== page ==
October 26, 2014

“The DH…and how it’ll never last!”

July 7, 2012 by · 3 Comments 

This year is the 39th anniversary of the American League’s adoption of the “designated hitter.”  Because of that, I wish that I still had my sophomore English report  that I in wrote 1972.  If my memory serves me, at the conclusion I predicted that “The designated hitter will never last!”

For those who know me and for those who do not, my track record for predicting the future, especially those represented by acronyms, is not very good.  For instance, I remember the article in Time magazine that my boss, Lee, showed me while in high school; it was about one of his classmates at Brown University by the name of Ted Turner who was creating a 24-hour news network called CNN.  I boldly predicted that it would never survive.  “Really Lee, who needs to know the news twenty four hours a day?”  Of course, now I wonder how society was able to survive without it!

My failure at predicting the future did not stop with CNN.  Before I got married, my wife and I visited my future mother and sister in-law.  I can still hear Mary informing me how the husband of her college roommate was a sports journalist and recently hired by a fledging cable sports network.  His name was Bob Ley and he was hired at something called ESPN!  Once again I took out my crystal ball and boldly predicted its failure.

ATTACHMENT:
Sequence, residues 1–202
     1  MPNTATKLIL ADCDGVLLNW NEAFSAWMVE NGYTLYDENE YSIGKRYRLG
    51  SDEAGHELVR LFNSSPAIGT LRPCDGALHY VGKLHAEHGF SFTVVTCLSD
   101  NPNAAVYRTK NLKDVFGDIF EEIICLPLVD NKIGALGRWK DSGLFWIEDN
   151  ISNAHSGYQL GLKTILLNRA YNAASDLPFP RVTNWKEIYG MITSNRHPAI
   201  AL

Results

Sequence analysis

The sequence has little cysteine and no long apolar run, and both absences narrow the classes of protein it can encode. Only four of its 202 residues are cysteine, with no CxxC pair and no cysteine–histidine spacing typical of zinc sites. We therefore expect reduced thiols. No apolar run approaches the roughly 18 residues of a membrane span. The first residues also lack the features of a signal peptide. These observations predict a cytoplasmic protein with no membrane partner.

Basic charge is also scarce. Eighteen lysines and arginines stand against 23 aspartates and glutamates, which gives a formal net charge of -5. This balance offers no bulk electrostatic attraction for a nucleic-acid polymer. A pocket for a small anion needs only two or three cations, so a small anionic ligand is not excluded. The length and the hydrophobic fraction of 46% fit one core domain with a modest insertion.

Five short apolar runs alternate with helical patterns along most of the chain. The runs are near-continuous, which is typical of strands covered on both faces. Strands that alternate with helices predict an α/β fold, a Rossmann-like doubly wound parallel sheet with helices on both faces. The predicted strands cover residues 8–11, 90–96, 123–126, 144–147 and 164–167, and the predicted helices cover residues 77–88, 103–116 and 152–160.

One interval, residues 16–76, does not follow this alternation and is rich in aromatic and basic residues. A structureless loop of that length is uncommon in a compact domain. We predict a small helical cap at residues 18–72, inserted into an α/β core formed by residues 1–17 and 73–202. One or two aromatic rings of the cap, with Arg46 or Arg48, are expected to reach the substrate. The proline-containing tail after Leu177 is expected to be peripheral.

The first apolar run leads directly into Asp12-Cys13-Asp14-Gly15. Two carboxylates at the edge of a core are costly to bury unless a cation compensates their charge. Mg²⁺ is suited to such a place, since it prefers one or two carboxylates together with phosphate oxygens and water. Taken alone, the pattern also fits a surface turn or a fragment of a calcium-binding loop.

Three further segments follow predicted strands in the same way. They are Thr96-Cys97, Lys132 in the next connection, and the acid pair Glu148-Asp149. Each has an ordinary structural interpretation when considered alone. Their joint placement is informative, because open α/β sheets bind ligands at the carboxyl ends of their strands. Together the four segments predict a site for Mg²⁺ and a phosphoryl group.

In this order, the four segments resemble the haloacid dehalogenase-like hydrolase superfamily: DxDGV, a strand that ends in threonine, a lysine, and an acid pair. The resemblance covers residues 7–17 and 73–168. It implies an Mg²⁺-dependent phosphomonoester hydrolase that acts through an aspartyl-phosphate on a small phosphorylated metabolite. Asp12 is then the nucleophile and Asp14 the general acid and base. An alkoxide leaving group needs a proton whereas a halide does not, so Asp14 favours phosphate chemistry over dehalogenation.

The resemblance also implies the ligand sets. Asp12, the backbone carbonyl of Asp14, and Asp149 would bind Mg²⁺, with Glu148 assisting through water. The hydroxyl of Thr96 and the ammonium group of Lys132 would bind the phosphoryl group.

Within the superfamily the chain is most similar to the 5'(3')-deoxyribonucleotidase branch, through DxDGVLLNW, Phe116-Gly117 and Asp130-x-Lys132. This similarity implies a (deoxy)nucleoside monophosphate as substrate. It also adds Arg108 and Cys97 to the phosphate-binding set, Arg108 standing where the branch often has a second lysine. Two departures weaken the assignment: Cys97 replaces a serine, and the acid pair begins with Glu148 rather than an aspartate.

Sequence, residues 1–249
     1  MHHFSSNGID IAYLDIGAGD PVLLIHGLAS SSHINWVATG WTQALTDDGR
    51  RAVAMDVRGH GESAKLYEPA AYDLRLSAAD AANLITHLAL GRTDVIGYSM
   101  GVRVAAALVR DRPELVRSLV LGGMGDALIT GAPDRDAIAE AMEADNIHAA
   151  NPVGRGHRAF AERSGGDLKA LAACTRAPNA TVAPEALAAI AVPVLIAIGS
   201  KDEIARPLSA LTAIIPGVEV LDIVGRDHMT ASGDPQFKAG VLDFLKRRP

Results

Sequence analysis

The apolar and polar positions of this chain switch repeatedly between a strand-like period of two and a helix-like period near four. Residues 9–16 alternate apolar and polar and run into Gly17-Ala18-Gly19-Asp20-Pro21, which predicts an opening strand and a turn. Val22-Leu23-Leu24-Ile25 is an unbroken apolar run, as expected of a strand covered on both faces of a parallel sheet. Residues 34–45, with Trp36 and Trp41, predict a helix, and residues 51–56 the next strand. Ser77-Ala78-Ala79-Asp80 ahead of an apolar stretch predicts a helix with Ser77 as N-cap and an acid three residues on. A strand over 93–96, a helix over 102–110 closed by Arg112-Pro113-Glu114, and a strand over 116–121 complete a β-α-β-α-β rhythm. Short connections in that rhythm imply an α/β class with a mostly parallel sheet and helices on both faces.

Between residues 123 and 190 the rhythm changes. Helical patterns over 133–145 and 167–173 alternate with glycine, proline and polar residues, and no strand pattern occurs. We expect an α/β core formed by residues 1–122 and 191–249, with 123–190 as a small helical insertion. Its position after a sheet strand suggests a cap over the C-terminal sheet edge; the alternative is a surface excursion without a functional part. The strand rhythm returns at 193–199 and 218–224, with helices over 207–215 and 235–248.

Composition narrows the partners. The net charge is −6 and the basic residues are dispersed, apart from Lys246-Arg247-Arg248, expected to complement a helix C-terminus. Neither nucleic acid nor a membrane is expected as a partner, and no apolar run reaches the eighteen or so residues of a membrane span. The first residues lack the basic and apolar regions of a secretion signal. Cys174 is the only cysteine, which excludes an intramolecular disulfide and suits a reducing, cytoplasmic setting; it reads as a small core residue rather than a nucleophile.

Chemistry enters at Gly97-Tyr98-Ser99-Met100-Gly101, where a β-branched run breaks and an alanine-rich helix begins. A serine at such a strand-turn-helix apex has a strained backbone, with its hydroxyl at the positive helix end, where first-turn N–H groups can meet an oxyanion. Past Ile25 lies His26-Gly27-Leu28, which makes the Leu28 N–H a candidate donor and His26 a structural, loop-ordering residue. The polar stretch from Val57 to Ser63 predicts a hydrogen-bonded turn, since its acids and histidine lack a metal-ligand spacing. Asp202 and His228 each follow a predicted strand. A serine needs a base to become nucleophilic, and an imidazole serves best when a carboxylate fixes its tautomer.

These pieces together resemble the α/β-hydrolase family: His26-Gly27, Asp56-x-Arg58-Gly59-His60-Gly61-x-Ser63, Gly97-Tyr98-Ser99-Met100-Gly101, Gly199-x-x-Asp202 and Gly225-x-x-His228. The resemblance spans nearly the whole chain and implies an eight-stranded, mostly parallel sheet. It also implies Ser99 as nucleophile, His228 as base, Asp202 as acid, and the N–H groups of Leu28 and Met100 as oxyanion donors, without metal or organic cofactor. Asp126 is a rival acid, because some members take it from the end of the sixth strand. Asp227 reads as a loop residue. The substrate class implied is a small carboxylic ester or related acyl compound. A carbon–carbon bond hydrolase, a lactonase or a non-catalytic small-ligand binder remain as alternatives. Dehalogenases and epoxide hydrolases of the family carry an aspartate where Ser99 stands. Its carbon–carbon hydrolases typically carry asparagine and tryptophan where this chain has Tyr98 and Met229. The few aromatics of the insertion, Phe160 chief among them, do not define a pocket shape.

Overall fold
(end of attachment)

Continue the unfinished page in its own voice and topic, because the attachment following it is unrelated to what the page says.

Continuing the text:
“Mary, I love sports, but there really isn’t a need for sports news around the clock!”

Three strikes and you’re are out?  I am much more careful with forecasting the future I’ll leave that to the prophets.

Then one evening, several years ago, Margie, another one of my sister in-laws called the house.

“Bobby, do you know who Ron Bloomberg is?”

This question was totally unexpected.  It also brought back memories my of sophomore English paper.

“Why yes I do.  He was the first ‘Designated-hitter’ in major league history!”

It seems that Margie was at a Borders Bookstore and Ron was there signing a book called “Designated Hebrew.”  He co-wrote it with Dan Schlossberg, a SABR member that I have met on a couple of occasions.